A typical altercation would begin with the shouting that we could hear all over the neighborhood. Somebody would get beat up and Lootie would jump in his old green Hudson coupe and make himself scarce by the time the police arrived. He’d get all the anger out of his system for a while, and in a month or so, it would all happen again. Who knows why the Setons didn’t press charges; seems like they weren’t into the concept of tough love. Funny thing was he never even spoke unkindly to the neighbors. It was his family that just seemed to flip the switch on his natural meanness.

When my dad died, Lootie called and asked if he could come over and pay his respects to the family. My sisters were all pretty much against letting him set foot in the house, but mama said he’d be welcome; she could be a bad ass too when the need arose. He came over and sat around the kitchen table with us and was real civil; he had left his bad ass self at home that day. He sat there and spoke softly about my dad with the family and enjoyed the funeral food that everyone had brought over. Actually I recall that Lootie was the only one of the Setons that came over that day.

One day I was out in the neighbor’s yard playing and Lootie called to me and asked me to come over and help him move something into his little house in the back. Lord knows why he needed my help; he was a weight lifter built like a Mack truck, and I was a scrawny kid. I obliged him, though, and went over - first and only time I ever went in his place. When I walked in, I was just dumbfounded by what I saw. The place was just basically one big room with a bathroom and kitchen area, and two of the large walls were literally covered with shelves which held nothing but canned peaches - hundreds of cans of peaches. It looked like this was the only food he had in the house, although I didn’t really go checking into his refrigerator. Years later it struck me that some scientist with time on his hands might do a study to determine if eating canned peaches made one a bad ass or if something in canned peaches interacted with a rogue part of one’s genetic makeup to trigger the urge to beat the crap out of family members. Surely the government would give you a grant to study that.; it would be better than funding a bridge to a place which has no roads.

I suspect the reason that Lootie was so polite to my mama at my dad’s wake had to do with an incident that happened a few years before. Lootie was in and out of his parents place that day. You could hear the beginnings of a major brouhaha developing across the street. Audry Grier and her husband Matt, neighbors of the Setons, rounded up their four kids and got them into the house just in case the fireworks spilled into the yard. The yelling increased, but my mama, who was watering the front yard, just continued her chores out there. I was out there with her and when it became clear that Lootie was breathing fire, she told me to go in the house.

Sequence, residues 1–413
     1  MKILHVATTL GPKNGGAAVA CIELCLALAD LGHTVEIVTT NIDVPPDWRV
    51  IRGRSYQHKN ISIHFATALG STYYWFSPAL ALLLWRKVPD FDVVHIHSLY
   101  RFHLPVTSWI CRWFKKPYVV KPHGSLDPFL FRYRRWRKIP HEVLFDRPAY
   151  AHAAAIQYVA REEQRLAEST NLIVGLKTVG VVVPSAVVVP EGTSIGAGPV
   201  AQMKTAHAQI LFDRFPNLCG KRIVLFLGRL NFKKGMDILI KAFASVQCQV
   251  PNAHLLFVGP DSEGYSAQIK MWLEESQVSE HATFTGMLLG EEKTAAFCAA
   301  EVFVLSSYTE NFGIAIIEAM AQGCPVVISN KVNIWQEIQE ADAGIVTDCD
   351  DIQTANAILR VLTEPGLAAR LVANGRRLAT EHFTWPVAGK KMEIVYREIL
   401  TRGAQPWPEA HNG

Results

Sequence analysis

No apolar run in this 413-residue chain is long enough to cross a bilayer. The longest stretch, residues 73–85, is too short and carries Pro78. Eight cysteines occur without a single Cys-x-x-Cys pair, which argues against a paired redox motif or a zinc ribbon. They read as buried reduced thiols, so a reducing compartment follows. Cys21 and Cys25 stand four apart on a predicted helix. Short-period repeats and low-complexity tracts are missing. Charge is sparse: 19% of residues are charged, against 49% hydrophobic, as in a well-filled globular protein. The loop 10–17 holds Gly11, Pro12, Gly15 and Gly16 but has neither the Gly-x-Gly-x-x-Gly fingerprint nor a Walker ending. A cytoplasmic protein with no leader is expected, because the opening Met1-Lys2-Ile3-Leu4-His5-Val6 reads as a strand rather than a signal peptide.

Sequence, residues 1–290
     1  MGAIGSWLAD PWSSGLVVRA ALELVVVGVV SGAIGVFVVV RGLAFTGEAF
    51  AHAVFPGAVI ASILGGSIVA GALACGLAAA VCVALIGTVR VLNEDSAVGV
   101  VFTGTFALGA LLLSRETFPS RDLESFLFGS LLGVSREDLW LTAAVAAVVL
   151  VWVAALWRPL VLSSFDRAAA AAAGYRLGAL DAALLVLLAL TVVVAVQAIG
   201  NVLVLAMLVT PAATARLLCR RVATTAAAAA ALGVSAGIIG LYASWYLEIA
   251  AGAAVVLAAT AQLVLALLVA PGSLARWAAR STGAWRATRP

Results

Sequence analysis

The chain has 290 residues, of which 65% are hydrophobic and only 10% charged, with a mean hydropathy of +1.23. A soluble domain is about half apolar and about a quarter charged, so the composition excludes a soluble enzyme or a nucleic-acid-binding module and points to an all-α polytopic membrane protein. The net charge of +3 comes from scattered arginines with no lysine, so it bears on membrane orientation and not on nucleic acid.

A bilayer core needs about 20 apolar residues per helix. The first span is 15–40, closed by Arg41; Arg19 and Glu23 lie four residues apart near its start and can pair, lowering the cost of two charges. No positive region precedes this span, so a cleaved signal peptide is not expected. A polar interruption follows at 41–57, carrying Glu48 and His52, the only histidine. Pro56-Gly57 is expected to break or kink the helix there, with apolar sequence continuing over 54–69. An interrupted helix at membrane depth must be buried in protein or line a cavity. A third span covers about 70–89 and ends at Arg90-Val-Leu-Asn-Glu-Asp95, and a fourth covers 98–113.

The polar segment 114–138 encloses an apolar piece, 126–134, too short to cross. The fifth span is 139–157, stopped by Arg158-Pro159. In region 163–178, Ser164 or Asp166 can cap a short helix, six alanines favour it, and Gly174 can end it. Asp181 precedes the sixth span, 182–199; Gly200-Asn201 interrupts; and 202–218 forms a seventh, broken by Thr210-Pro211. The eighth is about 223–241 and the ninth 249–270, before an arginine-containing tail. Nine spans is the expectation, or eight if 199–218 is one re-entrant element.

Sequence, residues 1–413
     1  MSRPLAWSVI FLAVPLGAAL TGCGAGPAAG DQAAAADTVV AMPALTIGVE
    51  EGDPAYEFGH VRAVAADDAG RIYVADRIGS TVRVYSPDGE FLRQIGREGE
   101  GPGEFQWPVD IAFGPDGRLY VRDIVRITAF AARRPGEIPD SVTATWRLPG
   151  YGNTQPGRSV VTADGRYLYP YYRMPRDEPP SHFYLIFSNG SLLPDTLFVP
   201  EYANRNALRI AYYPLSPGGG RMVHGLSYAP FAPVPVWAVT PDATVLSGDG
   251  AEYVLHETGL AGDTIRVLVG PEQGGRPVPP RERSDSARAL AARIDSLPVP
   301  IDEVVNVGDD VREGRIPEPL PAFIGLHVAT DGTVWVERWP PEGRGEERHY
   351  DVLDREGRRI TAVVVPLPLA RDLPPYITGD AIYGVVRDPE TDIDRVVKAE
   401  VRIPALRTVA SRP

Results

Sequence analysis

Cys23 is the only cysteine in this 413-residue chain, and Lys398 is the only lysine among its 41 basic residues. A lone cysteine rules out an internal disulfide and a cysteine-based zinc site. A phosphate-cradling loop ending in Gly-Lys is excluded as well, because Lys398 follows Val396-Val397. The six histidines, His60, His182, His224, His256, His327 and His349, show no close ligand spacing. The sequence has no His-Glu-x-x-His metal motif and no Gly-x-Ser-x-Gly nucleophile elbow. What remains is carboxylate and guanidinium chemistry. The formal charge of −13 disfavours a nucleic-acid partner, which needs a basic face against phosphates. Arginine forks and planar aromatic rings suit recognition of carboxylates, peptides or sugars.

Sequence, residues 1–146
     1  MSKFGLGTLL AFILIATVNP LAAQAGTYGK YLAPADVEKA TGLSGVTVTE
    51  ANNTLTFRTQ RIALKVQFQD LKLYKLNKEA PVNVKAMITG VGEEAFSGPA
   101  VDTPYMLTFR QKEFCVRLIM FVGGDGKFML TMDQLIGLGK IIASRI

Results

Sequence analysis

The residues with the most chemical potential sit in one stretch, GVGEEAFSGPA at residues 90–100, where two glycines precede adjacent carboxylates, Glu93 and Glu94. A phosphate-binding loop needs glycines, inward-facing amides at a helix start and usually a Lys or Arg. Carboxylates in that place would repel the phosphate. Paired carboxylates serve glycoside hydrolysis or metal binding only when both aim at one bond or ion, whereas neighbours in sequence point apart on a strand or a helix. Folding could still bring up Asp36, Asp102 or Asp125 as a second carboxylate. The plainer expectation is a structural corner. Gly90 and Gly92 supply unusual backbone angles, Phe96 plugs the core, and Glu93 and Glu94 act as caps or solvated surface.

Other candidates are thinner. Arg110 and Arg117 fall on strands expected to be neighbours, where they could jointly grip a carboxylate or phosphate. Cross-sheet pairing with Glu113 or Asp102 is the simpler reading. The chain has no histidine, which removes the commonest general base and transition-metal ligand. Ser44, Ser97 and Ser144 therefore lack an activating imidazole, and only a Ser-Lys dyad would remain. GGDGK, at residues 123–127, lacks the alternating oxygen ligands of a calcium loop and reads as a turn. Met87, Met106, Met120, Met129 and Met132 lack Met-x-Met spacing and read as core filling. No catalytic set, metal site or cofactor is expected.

Just about this time, Ellen Seton bolted across the St. Ann Street, ran up onto our porch, locked the screen door behind her, and ran into the house, locking the big wooden door, too. Not a minute behind her was Lootie. He ran into our yard, went up the steps, and started trying to pull the screen door off the hinges, shouting something all the while. He had just about succeeded dismantling the door when Mama did about the only thing she knew to do at that point. She just drenched that sucker with her water hose. Lootie just kind of backed up, looked very surprised and received the baptismal wash with a certain degree of contrition. His countenance resembled that of a big wet dog. I think if Mama could have held his head beneath some deep holy water for about three or four minutes, she’d have thought that was OK, too. Later after Lootie had gone back home, Mama calmed Ellen as best as she could and took her to the doctor so she could get her head sewed up where he had punched her.

I’ll never understand why Lootie didn’t turn on Mama that day. Why didn’t he blacken her eye and put her in the hospital? Why didn’t he tear the door from its frame or knock a hole in the screen to get in after his sister; it wouldn’t have even been a challenge for him, as big and strong as he was. Maybe the angels were watching out for us all that day. Maybe it’s because a woman finally stood up to him, something he had probably never experienced before. Maybe Mama’s cooling baptismal waters had a soothing effect on the peach juice that had excited and exacerbated the damaged neurons in Lootie’s nervous system. Looking back, though, it’s clear that Mama took a big chance, whether or not she realized it at the time. Lootie never pulled a stunt like that again, though, and when he came to my dad’s wake he was as much a gentleman as he could be, though I can’t remember if he brought funeral food or not. If he did, it would probably have been peach cobbler.